“If he beats you, then it means he loves you”: The cultural nature of gender-based violence in Belarus4 min read
This article is part of a collaboration between The Perspective Webzine and Lossi 36. The Perspective Webzine is a student based web magazine created and led by Lund University’s Association of Foreign Affairs (UPF).
When strolling around Minsk, the collapse of the Soviet Union feels far away. Stalinist architecture, serious faces in the metro, Lenin statues and the symbol of the hammer and sickle everywhere make you feel small and as if the KGB is watching your every move. Substantial military presence on the street is something you react to – but militarism and instrumental use of violence is not only promoted by top officials, it is taking place in the public sphere and in the homes of Belarusians.
In October last year, authoritarian President Alexander Lukashenko rejected a law aimed at criminalizing domestic violence, stating that this is nonsense from the West, and that a “good belting could sometimes be useful for a kid”. The president did not mention violence against women specifically, but the signal that the top level of the political leadership sends to society is an acceptance of violence within the family, and where beating a person on the street or in the home has completely different implications. Other strong opponents to the law were the Orthodox and Catholic Churches, who paradoxically claimed that the law would lead to destruction of the traditional family – but what could be more destructive for a family as a unit, if not violence?
Russia decided to decriminalize the law on domestic violence in 2017, and Belarus, squeezed in between the EU and big brother Russia, has to figure out their take on the issue and decide whether to incorporate less violent ideals from the west or uphold what President Lukashenko refers to as “Slavic traditions”. It seems like the president is going for the latter.
The statistics are stark. Men account for a majority of perpetrators and the biggest victims of this society are its women. Every second woman in Belarus has at some point experienced psychological violence or stalking, 28 percent of women have experienced physical violence and 7 percent have experienced sexual violence. However, under-reporting and methodological issues are common when measuring Intimate Partner Violence – the numbers might even be higher. It is also common that women don’t even identify violence as violence because it is socially accepted within a relationship.
Belarus has been torn apart in several wars throughout history, moreover high levels of militarism and control from the state socializes an acceptance of violence. A patriarchal heritage from the Soviet Union still exists and both men and women are defined by gender norms. The Russian proverb B’jot – znachit ljubit is widely used, which, if translated literally, means “if he beats you, then it means he loves you”. This socializes women to accept violence, and legitimizes men to use it.
The problem is systematic by nature and everything is interconnected. High levels of unemployment and a cultural acceptance of alcohol consumption equals high rates of alcoholism. Although it is not a root cause, it leads to an escalation of violence. Violence is also inter-generational; if you experienced violence as a kid you are more likely to use or accept the use of violence in your adult life, which on a societal level creates a never-ending cycle of violence.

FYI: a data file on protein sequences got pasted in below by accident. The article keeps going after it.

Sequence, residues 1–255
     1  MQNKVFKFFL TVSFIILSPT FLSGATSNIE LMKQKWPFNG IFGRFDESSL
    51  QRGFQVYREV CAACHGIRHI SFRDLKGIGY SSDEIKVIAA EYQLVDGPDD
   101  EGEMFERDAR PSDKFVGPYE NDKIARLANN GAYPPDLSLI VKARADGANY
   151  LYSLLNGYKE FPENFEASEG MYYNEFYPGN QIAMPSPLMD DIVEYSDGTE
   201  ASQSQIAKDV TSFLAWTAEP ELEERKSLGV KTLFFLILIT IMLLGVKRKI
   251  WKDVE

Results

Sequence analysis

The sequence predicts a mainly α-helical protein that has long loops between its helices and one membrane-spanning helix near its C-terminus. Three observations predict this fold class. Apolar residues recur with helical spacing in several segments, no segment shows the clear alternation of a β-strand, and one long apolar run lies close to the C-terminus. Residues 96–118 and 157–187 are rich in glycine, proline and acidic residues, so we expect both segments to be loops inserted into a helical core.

Belarus has the longest paid maternity leave in the world. Men have right to two weeks unpaid leave, while women stay at home for three years. This disconnects women from the labour market, complete dependency on their husbands and contributes to the current gender pay gap of 25 percent. This dependency means that women tend to stay in their relationships as they don’t have the financial means to leave.
If a woman reports a violent incident, the response from the police is usually based on the individual officer’s personal engagement in the case. Their reporting often lead to the family being marked as a “family under risk”. This in turn means that social workers workers will visit the family and eventually remove any children. The ironic part is that women are seen as solely responsible for the well-being of the family, and so the questioning by social workers indirectly blame women for the violence taking place. The lack of effectiveness in the Belarusian system leads to under-reporting and signals an acceptance of violence, as state institutions are not dealing with the issue properly. Not surprisingly, a lot of calls from women to the national support hotline in the country reveal that perpetrators often are KGB, military or police officers. This further increases women’s distrust in the authorities’ will to respond to incidents of domestic violence and is indicating how acceptance of violence is socialized throughout all segments of society.
The situation is not hopeless though, as there are many efforts from proactive women’s rights groups and multilateral organizations that are working for change and saying no to violence. Even some of the ministries are working actively with the issue, although they are not supported by the president. These efforts need to continue to come from all levels of society together. Raising awareness about the economic cost and individual suffering caused by violence is the first step to adjusting Belarus’ patriarchal mentality – and the country is showing the first signs of being willing to consider those adjustments – even if the president is not.